Mifsud, Marilee. “On Rhetoric as Gift/Giving.” Philosophy & Rhetoric 40.1 (2007): 89-107. Print.


The article discusses rhetoric as an invitation to an audience to invest its attention in an object and hence can be seen as part of an overarching general economy. Gift-giving is a reciprocity engaged in by the giver and recipient, as rhetoric is part of a debate. The Athenian polis as a state center presents the situation of exchange where rhetoric takes place, and in fact the polis may be said to have invented rhetoric as a means to serve its needs in such arenas as public debates, administration of justice, and the marketplace of the agora.

Keywords: ancient rhetoric, economy, parataxis, hypotaxis, gift economy, rhetoric-becoming, commodity, competitive generosity, generative rhetoric, deleuze, johnstone, lyotard, cixous


  • Mifsud situates rhetoric as gift-giving in the Homeric gift economy – or the Homeric-era system of exchange that created cultural identity and relations among individuals/societies (89).  Because we can’t devote all of our attention all of the time to everything we must invite focus to particular relations – these relations of focus are what Mifsud calls “rhetoric.”  Because rhetoric attempts to persuade toward a particular state of being – and in the act of persuading displaces other states of being – Mifsud likens rhetoric to Lyotard’s figure of the dispositif (89).
  • M. uses Marcel Mauss’s anthropological work on archaic gift cultures as a starting point for her argument.  Mauss’s work drew attention to the ways that human beings are always engaged in systems of gift-exchange – systems wherein reciprocity between giver and receiver are always present.  This reciprocity ensures cycles of exchange within and between cultures and creates the necessity of permanent commitments between individuals.  These commitments grow into the dominant systems of law, politics, culture, and interpersonal relations (89).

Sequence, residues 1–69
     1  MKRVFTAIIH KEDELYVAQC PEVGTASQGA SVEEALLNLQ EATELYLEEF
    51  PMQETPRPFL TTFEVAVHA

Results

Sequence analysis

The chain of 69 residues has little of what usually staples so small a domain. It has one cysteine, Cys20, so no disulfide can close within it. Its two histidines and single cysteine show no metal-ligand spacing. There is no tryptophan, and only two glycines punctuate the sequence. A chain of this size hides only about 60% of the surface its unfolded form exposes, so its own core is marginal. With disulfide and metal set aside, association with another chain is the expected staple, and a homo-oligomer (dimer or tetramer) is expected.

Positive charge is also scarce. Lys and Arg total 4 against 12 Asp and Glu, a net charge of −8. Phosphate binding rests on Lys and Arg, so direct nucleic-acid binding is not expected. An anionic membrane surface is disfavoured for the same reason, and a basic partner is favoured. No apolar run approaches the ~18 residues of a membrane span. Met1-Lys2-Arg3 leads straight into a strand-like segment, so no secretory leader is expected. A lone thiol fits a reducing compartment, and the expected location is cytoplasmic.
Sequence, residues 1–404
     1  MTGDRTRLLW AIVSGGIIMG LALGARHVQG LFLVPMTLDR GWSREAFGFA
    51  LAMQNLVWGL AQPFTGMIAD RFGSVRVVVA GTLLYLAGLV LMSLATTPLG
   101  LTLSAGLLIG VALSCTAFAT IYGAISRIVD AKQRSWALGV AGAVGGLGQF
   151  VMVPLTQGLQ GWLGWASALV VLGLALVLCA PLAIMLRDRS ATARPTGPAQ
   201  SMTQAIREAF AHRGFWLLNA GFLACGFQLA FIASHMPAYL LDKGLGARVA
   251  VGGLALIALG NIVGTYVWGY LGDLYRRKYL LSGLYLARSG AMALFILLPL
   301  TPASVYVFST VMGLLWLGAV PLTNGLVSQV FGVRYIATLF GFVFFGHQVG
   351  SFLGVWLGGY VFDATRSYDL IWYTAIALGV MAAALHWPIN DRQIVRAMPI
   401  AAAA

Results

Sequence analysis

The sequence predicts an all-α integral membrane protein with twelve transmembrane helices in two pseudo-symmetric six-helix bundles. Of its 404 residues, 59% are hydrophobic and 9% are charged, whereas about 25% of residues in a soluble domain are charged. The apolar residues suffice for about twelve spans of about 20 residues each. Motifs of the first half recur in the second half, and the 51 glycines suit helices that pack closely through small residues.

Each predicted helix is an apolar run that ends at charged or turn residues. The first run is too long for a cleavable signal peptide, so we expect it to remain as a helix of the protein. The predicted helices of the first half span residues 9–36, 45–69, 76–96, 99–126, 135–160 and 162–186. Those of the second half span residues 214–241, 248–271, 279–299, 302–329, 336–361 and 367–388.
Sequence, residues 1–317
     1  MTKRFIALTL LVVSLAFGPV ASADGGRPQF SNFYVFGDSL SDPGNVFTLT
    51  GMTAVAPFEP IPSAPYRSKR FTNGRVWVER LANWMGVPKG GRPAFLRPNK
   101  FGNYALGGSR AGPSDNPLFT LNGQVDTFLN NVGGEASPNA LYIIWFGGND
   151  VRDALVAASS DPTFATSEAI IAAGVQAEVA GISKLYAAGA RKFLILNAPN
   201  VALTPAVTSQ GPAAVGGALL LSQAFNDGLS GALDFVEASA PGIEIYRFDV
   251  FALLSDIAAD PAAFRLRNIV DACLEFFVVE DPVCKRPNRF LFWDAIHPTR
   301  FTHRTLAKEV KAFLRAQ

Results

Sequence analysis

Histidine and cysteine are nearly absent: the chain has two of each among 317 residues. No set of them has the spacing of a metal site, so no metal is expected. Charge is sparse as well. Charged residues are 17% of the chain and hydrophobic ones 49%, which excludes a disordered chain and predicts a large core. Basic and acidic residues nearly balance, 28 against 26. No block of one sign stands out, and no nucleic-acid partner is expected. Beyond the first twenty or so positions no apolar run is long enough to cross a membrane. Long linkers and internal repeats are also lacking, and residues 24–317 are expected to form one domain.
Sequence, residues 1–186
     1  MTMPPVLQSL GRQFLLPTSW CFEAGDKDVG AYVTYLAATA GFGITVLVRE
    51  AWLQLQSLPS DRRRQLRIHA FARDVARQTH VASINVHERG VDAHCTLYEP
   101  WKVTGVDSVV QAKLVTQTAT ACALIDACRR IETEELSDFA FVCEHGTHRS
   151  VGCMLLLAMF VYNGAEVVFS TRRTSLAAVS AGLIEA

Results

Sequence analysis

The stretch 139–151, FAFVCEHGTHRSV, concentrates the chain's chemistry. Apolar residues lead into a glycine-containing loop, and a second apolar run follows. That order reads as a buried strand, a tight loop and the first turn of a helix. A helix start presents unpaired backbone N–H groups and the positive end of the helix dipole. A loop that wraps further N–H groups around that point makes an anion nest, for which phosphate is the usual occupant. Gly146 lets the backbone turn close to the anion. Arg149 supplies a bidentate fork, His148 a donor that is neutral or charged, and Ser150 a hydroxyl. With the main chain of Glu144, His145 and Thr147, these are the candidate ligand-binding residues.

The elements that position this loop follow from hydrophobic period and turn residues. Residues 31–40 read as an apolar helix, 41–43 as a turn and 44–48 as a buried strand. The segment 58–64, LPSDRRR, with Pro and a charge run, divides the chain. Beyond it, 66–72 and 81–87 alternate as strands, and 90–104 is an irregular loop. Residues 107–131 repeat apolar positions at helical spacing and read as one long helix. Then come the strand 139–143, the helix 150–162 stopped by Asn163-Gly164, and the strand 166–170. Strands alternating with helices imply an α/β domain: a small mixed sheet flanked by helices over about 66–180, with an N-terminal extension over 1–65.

• M. looks to the Homeric gift economy as an ancient iteration of the Athenian polis and the  contemporary economy – the market.  She does this to demonstrate that the normalization of the polis economy in the current era masks the fact that “gifts not markets, and people not entities regulate cultural economy, including rhetoric” (90).
  • Incommensurability: from Feyerabend, “a means by which to articulate cultural alterity” (90).
  • M. claims she isn’t doing traditional historiography; rather, she is interested in doing historical work toward Deleuzian becoming – or discovering new orientations, directions, entries, and exits.
  • M. claims that the Homeric gift economy is situated in the oikos – the home.  When individuals exchange gifts at the home a system of “competitive generosity” develops as the core component of the Homeric gift economy.  Competitive generosity is the honor-generating process of gift giving one-upsmanship (for the right reasons!) (92).  This ritual becomes the basis for the network of obligations that bind people to people and cultures to cultures.
  • M. claims that there is no real separation between the public and the private in the Homeric age (93).  This means that there is no real boundary between things and persons – to give is to give a part of oneself.  A gift is “invested with life” and the soul of the giver (93).  This results in a situation where the giving of gifts is much the same as the creation of relations between individuals and cultures – the private portrays the public and vice-versa.  The gift becomes a “matrix of relations” that bear traces of relations among individuals – gifts aren’t about being gifts but about creating “cultural intimacy and cultural memory” (94-5).